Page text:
Columbians Ahead of Their Time

"Women should use make-up to accentuate their most attractive feature. After the age of 25 or thereabouts, personality becomes an increasingly more attractive feature."

Hazel Bishop (1906–1998)
Barnard 1929
Research Staff, 1929-1935

Hazel Bishop concocted and sold the first smudge-proof lipstick, transforming America's post-war smile. A chemist who began her career as a dermatologist's assistant, Bishop found early success at Standard Oil (later Exxon) during World War II. There she determined the cause of the fuel deposits affecting the superchargers of aircraft engines. Following the war, Bishop continued to formulate gasoline by day, but by night she cooked up lipstick. For two years, Bishop tried to devise a lipstick that wouldn't leave oily pink bows on cups and boyfriends. By 1949 she found the solution—a stick of bromo acids that stained skin rather than coating it. With the help of investor and adman Raymond Spector, Bishop launched Hazel Bishop Cosmetics. Her lipstick was a revelation: Lord & Taylor sold out in one day. By 1953, Hazel Bishop Cosmetics was selling $10 million annually, but Spector bought the majority of stock and pushed Bishop out. Bishop produced later products—notably Leather Lav, a cleanser for ladies' gloves—but ultimately found other careers: during the 1970s she became a highly sought-after consultant on cosmetic stocks, and in the '80s she became the Revlon Chair of Cosmetics Marketing at the Fashion Institute of Technology. As Revlon chairman Michel Bergerac remarked when Bishop accepted the post: ''It is really quite an achievement to carve one outstanding career in a lifetime. To succeed in business, in finance, and in academics in only part of a life is truly an amazing thing.''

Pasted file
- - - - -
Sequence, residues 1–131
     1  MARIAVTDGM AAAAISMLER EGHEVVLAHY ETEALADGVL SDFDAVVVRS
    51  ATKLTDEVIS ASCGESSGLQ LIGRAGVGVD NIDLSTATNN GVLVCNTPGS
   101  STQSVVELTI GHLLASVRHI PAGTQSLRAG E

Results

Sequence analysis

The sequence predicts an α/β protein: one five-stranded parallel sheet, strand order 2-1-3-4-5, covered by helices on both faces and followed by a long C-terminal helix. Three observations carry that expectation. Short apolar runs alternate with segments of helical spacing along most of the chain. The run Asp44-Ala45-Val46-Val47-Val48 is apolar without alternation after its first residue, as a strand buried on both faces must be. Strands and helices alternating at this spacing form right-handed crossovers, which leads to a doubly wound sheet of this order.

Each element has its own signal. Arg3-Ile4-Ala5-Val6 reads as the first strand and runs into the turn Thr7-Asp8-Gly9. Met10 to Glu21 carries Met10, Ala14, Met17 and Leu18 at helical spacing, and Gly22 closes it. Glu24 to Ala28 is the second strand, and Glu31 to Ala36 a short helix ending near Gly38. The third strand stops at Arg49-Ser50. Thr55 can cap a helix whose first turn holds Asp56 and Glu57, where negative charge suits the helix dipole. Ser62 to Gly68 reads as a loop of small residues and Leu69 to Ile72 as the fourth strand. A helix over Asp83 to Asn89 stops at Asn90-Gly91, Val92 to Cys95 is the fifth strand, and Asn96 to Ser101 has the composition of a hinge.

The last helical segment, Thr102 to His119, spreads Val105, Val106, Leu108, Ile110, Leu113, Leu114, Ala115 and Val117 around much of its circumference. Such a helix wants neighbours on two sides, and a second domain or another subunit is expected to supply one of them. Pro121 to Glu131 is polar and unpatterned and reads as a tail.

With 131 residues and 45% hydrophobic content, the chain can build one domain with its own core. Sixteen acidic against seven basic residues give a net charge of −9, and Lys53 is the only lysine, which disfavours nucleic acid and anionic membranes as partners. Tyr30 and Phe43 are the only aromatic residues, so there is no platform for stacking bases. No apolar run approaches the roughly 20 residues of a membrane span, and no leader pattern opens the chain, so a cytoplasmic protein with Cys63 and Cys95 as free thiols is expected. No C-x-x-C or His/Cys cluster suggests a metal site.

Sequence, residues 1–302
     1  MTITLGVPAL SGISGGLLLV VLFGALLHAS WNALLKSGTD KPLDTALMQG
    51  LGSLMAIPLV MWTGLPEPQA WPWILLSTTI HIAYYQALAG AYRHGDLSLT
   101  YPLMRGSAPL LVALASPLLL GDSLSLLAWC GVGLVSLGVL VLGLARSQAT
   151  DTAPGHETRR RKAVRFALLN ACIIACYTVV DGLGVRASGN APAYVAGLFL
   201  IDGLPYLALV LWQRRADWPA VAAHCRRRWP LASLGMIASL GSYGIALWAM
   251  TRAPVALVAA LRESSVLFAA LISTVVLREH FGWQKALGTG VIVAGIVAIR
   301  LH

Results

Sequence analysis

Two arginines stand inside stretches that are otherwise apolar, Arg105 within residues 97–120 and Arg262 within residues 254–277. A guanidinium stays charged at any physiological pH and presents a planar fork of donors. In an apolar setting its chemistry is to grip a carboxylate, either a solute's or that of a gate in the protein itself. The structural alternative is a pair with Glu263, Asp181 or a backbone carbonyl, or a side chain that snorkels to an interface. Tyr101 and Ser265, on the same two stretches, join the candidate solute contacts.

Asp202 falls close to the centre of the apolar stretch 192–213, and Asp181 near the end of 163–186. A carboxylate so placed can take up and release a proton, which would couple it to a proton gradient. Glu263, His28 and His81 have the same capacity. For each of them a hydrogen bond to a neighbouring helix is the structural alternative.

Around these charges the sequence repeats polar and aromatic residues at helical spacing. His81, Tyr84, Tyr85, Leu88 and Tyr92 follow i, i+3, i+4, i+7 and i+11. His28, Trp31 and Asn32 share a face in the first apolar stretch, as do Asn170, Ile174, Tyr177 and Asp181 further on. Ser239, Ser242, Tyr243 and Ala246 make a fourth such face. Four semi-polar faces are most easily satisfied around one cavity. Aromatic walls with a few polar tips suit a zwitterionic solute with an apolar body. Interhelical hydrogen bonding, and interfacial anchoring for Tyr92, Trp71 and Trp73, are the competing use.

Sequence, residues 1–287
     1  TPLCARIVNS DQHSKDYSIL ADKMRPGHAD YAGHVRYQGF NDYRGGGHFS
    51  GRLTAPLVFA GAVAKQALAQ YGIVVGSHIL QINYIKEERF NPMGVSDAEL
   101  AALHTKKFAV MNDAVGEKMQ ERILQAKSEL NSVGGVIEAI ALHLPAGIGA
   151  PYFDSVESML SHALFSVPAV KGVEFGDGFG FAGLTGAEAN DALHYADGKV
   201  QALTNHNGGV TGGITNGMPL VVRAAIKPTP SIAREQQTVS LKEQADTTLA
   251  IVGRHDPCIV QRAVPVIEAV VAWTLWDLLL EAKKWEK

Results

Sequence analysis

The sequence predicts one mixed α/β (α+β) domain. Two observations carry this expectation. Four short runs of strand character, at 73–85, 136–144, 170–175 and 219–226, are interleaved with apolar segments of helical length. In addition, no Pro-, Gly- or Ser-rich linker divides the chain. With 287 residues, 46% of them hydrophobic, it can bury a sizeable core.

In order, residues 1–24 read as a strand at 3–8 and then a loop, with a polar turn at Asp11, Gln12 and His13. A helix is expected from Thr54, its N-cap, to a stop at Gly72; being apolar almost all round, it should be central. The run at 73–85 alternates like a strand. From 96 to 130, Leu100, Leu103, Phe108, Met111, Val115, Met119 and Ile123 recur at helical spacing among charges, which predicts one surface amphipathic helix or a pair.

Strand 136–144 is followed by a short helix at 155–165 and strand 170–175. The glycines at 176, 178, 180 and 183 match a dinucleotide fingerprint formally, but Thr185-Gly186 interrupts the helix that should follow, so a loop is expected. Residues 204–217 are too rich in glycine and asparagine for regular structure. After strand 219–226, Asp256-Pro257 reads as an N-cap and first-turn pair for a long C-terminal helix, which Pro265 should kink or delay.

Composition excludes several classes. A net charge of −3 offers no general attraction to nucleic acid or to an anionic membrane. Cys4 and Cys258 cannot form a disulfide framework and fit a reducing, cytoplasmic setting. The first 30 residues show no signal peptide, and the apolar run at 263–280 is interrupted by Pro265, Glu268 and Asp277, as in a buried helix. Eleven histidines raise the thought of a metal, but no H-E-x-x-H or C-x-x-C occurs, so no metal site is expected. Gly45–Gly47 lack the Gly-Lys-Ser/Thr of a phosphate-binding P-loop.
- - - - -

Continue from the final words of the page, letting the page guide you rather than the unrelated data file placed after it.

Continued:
Bishop began her chemistry studies at Barnard College in the 1920s. She dreamed of becoming a doctor, but when she graduated, the Depression forced her to take a job instead. Bishop took a post assisting dermatologist A. B. Cannon at Columbia's College of Physicians and Surgeons, where she was able to take graduate courses in biochemistry while working on Cannon's "Almay" line of hypoallergenic cosmetics. By 1942, Bishop had become director of dermatology in Cannon's labs. It is probable that Bishop recognized in those labs how rare and valuable her insights into cosmetic design were. As she once remarked: "Women have an insight and understanding of cosmetology a male chemist can never have. Does a man, for instance, know what happens to makeup under the hot beach sun?”


A fellow Barnard chemist

What's new in skin


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Columbians Ahead of Their Time

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